Even so, Chavez seems on a path to avoid the pitfalls that have brought down communist governments worldwide and turned China into the home of dictatorial capitalism.

1) Efficiency — without as much incentive for individual gain, people just don’t seem to work “according to their ability.” More like, according to their ability to get away with it. If nothing else, capitalist systems are fiercely good at milking worker productivity to obscene levels.

So how can Chavez hope to compete? First, unlike most governments, Chavez appears to be plowing the bulk of his resources into the health and education of the citizens. And it’s working. Already literacy rates have soared, and the health care system is garnering praise from around the world. Chavez might just be able to improve his work force enough to more than overcome losses in efficiency.

2) Religion — anyone on the winning side of the Cold War should be very glad Marx was an atheist (not that there’s anything wrong with that). By setting himself and his movement in opposition to religion, Marx cut many people off from their traditions, left his movement feeling stale and artificial, and generated a ready source for internal strife. If Marx had been a nice Catholic boy, we might all be humming along today like a nice little hive of Mormon bees (no offense, Senator Reid).

Chavez is not an atheist, or at least he has gone out of his way not to attack religion. He’s met with Catholic leaders — even though several had sided with the coup plotters — in efforts to reassure them he doesn’t want to become a dictator, he’s kept his hands off church property, and he frequently uses references to God or biblical themes in his speeches. Chavez emphasizes the call for community action and community property among Christians. This alone should make him an ultimate boogeyman to anyone who fears commies under the bed.

3) Corruption — The real downfall of every communist government so far has been the home-grown worms that always show up to consume the apple. The idea of a single party state ruled by a strict hierarchy makes it just too tempting for members of the apparatchik to gather in more power and loot. Single party systems have to either constantly sit on their own populace, or distract them with external threats. Combine this with the efficiency factor, and the attacks on traditional religion, and you get dispirited, disgruntled, disappointed workers. That is not a long term formula for success.

Though Chavez’ party now has a majority control at all levels, Chavez has at least said the right things about maintaining a competitive, open democracy. So long as they follow through, the forces that have crumbled previous states may be held at bay. Should Chavez start bringing more powers into his own office (and he’s already done so to some extent), it’ll be a bad sign. Should he decide to stay past the time limit he helped pass, it’ll be the death knell.

And this:

Chavez wins the first half of the match.

Chavez walks around without a single bodyguard. Who appears in control?

And from the Booman Tribune:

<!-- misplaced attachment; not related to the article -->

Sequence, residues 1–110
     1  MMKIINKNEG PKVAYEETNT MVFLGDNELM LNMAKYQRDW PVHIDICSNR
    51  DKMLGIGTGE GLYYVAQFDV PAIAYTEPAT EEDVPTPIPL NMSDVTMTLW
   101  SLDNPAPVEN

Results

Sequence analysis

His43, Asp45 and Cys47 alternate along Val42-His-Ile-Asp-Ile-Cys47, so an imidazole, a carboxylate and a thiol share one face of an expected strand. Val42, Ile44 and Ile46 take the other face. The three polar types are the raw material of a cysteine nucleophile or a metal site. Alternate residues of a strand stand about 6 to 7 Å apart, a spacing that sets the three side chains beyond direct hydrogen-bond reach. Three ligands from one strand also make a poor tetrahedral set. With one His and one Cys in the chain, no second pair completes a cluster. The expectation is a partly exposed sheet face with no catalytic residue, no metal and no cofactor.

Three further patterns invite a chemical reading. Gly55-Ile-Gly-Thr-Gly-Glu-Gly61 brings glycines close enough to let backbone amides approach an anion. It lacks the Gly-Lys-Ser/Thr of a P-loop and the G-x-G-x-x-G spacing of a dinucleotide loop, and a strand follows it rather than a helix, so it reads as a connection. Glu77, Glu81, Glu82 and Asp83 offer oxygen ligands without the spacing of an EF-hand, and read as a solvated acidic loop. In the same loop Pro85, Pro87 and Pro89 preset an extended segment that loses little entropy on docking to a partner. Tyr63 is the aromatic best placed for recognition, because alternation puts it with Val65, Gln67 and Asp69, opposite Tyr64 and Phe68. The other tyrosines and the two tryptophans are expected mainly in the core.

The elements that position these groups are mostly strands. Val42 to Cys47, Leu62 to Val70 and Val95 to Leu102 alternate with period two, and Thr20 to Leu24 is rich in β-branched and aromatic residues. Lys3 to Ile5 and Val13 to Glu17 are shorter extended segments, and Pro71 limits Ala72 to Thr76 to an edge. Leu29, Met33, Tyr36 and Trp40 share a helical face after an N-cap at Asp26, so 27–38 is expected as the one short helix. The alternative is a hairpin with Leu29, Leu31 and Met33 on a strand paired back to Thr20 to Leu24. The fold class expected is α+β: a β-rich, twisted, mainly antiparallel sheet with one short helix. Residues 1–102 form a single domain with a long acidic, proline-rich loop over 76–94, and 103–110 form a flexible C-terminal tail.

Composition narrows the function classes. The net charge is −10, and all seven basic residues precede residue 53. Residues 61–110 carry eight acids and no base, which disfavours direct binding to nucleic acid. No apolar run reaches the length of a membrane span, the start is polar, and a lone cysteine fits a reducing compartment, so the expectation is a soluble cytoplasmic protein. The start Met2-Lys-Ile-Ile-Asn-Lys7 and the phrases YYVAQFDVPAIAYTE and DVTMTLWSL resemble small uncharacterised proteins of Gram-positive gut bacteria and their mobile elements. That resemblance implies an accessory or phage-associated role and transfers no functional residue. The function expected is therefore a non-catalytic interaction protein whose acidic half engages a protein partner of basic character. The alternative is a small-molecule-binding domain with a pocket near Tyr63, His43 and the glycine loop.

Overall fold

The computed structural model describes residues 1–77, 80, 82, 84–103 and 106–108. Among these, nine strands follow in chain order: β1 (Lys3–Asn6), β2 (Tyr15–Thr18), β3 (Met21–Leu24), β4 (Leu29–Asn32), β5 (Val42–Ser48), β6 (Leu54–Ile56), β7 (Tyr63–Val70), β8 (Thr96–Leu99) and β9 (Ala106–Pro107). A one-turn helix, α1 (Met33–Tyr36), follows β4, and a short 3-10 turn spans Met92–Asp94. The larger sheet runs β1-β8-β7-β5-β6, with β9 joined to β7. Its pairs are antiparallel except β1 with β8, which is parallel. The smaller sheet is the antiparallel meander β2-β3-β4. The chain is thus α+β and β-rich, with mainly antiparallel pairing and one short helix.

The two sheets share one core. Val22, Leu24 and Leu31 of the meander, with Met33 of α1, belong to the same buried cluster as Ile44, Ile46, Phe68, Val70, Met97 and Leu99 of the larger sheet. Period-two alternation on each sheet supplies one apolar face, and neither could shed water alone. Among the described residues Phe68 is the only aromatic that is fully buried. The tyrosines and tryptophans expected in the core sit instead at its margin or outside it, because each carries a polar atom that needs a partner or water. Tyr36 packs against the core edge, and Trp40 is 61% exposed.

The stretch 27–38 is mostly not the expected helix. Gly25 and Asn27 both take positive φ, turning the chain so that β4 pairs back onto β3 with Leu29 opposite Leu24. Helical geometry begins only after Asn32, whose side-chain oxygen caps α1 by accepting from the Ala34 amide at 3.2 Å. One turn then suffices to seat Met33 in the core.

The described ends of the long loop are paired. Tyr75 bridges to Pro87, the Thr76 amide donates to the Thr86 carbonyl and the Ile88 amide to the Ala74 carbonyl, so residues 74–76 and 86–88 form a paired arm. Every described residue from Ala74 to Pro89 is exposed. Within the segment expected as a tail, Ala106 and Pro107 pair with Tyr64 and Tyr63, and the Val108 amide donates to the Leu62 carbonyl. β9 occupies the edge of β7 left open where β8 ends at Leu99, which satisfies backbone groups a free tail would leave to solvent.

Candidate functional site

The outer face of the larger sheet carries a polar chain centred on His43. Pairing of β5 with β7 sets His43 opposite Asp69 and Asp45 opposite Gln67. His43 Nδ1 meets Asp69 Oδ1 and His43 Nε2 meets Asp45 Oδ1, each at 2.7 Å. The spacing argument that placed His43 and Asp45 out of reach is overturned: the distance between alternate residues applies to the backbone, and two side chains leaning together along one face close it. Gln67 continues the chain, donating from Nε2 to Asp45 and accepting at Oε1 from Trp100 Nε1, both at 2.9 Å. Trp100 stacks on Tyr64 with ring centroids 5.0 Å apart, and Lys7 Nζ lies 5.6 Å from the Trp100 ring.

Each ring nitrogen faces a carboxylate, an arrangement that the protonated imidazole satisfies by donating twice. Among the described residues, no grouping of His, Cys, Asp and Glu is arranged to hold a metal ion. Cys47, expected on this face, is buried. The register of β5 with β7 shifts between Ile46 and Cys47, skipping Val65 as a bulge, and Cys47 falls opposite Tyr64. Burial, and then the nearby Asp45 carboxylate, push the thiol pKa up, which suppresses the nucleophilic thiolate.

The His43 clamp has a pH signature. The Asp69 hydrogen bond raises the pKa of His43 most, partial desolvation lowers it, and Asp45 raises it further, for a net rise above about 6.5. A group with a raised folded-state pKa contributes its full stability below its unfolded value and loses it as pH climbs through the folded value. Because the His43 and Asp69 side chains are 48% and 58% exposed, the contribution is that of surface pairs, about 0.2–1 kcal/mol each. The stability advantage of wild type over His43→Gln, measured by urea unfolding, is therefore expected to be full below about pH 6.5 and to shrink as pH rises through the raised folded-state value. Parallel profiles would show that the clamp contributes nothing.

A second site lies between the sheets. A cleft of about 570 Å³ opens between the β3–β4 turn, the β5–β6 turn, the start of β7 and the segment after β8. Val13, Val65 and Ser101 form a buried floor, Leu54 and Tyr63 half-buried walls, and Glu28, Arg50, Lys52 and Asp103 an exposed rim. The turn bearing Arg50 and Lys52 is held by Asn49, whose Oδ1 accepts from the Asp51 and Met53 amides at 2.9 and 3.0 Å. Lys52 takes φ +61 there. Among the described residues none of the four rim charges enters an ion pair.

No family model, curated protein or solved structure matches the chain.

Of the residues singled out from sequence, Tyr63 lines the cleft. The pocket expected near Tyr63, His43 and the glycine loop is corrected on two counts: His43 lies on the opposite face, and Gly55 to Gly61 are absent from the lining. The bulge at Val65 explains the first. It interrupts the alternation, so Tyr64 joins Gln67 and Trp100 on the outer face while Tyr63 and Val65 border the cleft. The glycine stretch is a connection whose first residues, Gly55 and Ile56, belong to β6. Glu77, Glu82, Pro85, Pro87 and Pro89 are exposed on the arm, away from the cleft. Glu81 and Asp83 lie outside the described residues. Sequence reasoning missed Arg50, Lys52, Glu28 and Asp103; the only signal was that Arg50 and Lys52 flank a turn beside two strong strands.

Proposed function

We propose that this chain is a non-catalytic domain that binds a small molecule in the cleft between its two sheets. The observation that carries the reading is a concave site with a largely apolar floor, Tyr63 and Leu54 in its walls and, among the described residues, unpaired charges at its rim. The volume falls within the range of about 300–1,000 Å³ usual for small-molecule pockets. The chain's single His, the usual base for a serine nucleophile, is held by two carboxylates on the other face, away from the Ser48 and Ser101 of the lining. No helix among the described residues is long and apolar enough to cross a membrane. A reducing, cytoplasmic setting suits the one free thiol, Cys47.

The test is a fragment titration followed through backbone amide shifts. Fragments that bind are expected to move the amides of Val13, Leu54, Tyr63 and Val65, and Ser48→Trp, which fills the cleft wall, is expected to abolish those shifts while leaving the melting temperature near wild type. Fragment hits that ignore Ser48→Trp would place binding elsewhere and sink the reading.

Re: The Summit

Bush has just arrived to Argentina to take part of the Americas Summit. I am sure you will be hearing of this all over the news, so I decided to write about what you wont probably hear: the Security for the Summit, and the Peoples Summit.


Bush�s intention is to sign the FTAA agreement. My opinion is that this is crucial because if he does, he will earn some political capital, which we all know is so desperately needs when his image bottoming down. During his trip to Argentina, Condoleezza Rice and her argentine counterpart, Rafael Bielsa had a phone conversation that lasted about half hour. Those conversations have been described as tense. Apparently, Bielsa explained her The Mercosur�s position and what is blocking the advance of the treaty. Apparently Rice was not to understanding, and said that the US wants that some concrete advance in these negotiations. According to some versions, Bielsa had accepted some points. According to others, he said that it was a matter for the Mercosur, and that it was out of his hands. Apparently, there might be two different documents, which would be a first: One would express the majority version, and the other the Mercosur�s positions. This would be very unusual, because it would indicate the strong division of the continent. And Bush, with all the problems that he has at home, has to present himself as a leader of the group. What the Latin-American opposition is looking for is an end to American subsidies of agricultural products, so they can have a chance of introducing their products into the US. If he does, he will face strong opposition of those red states, which are the agricultural zones. After maintaining his arrival in secret, due to security reasons Venezuelan President Hugo Chavez arrived to Mar del Plata . His first comments were against the FTAA, He will be staying in a hotel OUTSIDE the exclusion zone. For him, the FTAA is dead and �we are going to bury it here,� and pointed out that the American empire is weakened and that proof of that is that the Presidents will sign a document that will not mention the FTAA. He also said: �only the peoples union will save this land.�

There is much more in these diaries, their comment threads, and in other diaries. Since I am still reading, I will update this post as I go.

What A World (Update)

November 2, 2005

First, from VHeadline, we get this: